Awesome you have those opportunities in your area. Some areas aren't like that. In my area even if you do find a local job, without the one year OTR experience, you make about half what an experienced driver would make which isnt enough to live on here. Plus, NJ has really high insurance. Even my friend who owns his own fleet of ten trucks told me to wait the year OTR then come work for him. He could still only guarantee three days a week home. He said the home every a night isn't as profitable for smaller companies due to bureaucratic BS costs.

The USPS contracts out their routes. I knew the schedules due to working at the processing center and thought I'd give a try at those.companies.

For regional home every other night I'd get $15 per hour. For a box truck home every night I'd get $12.50 an hour. I made $26-40 per hour in the processing center. So why spend thousands to get the CDL to make half? Aldi's cashiers are making $11.50 per hour in my area.

That amount in WV or AL might be great. But not here. Not for a single person.

A buddy of mine was able to get a local job right out school with Coke hauling product to various places and stock shelves and coolers. Too much leg work for me haha!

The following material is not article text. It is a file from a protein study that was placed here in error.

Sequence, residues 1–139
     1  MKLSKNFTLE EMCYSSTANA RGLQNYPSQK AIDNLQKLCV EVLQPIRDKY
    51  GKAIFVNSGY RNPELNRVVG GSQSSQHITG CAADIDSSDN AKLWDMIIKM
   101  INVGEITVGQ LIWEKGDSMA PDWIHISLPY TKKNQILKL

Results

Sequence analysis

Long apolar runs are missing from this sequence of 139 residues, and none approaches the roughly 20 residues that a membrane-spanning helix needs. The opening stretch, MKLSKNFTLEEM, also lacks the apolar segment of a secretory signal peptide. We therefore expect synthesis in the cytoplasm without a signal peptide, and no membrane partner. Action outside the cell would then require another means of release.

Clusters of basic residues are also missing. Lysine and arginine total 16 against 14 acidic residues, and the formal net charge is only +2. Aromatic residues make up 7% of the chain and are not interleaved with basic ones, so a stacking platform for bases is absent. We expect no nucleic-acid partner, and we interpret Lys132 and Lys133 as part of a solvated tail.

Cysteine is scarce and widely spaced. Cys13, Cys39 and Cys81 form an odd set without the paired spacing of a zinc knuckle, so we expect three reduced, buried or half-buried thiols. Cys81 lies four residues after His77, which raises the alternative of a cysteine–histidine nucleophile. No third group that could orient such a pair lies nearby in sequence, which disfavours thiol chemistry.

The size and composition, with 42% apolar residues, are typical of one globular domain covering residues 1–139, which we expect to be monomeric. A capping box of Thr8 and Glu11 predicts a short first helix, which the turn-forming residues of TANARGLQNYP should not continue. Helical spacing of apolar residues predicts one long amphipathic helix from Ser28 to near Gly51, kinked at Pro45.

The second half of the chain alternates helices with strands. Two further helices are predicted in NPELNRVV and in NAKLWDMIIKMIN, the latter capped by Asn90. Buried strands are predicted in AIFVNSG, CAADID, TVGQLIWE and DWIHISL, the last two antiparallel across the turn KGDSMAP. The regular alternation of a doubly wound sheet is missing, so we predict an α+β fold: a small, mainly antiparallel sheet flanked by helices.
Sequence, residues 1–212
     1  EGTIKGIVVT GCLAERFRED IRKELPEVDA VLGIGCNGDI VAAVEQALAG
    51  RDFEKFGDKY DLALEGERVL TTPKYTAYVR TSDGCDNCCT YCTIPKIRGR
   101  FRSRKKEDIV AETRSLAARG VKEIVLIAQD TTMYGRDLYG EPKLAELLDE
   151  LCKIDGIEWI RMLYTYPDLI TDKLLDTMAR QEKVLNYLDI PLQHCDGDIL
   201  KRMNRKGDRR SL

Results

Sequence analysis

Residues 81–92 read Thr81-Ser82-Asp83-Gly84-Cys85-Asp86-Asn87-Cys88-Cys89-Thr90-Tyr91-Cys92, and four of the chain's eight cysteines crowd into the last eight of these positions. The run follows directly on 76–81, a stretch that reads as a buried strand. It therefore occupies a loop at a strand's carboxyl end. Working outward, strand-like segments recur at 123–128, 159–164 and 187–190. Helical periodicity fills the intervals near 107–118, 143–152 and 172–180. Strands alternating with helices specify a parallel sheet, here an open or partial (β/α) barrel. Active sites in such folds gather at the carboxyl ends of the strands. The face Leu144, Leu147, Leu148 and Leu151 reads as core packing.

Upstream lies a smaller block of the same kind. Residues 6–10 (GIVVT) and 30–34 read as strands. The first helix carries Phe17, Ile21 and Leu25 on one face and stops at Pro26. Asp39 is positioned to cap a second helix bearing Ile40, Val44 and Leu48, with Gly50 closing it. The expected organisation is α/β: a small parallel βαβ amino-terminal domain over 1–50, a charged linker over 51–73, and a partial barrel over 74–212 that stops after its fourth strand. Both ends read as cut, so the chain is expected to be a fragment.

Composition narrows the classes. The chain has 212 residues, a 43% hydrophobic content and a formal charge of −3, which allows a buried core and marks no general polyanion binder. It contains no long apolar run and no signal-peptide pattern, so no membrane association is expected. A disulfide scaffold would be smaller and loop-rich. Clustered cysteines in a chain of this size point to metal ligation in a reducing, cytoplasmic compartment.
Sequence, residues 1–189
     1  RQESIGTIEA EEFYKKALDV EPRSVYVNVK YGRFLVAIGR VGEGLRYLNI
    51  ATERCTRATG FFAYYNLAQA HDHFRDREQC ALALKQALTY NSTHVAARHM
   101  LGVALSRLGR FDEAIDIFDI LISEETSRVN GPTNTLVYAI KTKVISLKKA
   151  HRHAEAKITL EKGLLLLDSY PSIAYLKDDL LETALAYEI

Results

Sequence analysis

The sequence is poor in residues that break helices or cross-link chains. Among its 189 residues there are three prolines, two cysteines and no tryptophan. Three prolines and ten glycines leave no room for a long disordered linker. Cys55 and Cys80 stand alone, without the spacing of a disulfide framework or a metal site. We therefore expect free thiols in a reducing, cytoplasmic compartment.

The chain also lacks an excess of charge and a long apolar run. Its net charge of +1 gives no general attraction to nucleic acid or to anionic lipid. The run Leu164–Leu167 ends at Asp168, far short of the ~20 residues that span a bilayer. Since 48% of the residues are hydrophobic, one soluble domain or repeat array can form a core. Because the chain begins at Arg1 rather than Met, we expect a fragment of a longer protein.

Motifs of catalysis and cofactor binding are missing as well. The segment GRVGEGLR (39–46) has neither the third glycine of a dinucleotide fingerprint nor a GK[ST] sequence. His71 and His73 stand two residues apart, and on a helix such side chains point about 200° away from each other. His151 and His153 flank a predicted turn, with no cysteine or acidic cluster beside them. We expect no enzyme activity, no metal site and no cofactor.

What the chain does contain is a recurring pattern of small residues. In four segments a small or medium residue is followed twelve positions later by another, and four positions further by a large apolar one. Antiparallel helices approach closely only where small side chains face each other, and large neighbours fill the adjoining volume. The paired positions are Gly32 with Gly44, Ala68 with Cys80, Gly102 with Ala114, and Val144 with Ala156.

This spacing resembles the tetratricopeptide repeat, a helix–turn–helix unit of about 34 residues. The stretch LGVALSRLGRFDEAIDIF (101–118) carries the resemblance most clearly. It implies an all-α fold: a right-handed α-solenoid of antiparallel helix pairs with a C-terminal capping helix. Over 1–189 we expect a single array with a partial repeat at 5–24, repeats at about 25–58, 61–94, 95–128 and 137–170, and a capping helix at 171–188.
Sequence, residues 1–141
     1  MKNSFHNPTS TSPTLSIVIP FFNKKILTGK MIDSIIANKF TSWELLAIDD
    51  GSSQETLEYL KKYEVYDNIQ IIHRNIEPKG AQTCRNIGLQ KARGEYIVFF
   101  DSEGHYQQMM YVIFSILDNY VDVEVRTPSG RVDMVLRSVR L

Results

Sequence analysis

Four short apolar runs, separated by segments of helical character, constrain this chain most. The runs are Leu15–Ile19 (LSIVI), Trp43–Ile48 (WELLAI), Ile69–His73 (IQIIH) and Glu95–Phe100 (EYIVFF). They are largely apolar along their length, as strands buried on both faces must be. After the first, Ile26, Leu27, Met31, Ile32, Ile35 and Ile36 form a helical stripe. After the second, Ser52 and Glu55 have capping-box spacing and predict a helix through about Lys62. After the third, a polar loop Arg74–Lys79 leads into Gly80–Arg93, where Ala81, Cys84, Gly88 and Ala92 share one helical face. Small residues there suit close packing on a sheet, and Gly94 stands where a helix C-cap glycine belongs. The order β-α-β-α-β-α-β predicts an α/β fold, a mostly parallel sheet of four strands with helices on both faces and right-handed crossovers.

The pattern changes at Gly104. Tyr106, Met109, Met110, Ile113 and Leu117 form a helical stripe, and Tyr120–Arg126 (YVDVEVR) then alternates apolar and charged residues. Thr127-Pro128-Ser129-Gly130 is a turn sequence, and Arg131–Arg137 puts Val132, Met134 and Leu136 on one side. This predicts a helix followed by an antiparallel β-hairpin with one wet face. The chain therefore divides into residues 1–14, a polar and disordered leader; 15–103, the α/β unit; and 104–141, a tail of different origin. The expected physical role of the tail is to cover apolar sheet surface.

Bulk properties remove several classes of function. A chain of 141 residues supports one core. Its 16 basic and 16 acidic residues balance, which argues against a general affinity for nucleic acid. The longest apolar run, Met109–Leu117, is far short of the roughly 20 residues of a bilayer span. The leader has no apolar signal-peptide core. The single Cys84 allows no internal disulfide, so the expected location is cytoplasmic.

Any myths I had were pretty much busted when I went on a 2 week ride along with my uncle. Really put a lot of things in perspective just from an observer point of view.

CDL:

Commercial Driver's License (CDL)

A CDL is required to drive any of the following vehicles:

  • Any combination of vehicles with a gross combined weight rating (GCWR) of 26,001 or more pounds, providing the gross vehicle weight rating (GVWR) of the vehicle being towed is in excess of 10,000 pounds.
  • Any single vehicle with a GVWR of 26,001 or more pounds, or any such vehicle towing another not in excess of 10,000 pounds.
  • Any vehicle, regardless of size, designed to transport 16 or more persons, including the driver.
  • Any vehicle required by federal regulations to be placarded while transporting hazardous materials.

Regional:

Regional Route

Usually refers to a driver hauling freight within one particular region of the country. You might be in the "Southeast Regional Division" or "Midwest Regional". Regional route drivers often get home on the weekends which is one of the main appeals for this type of route.

OTR:

Over The Road

OTR driving normally means you'll be hauling freight to various customers throughout your company's hauling region. It often entails being gone from home for two to three weeks at a time.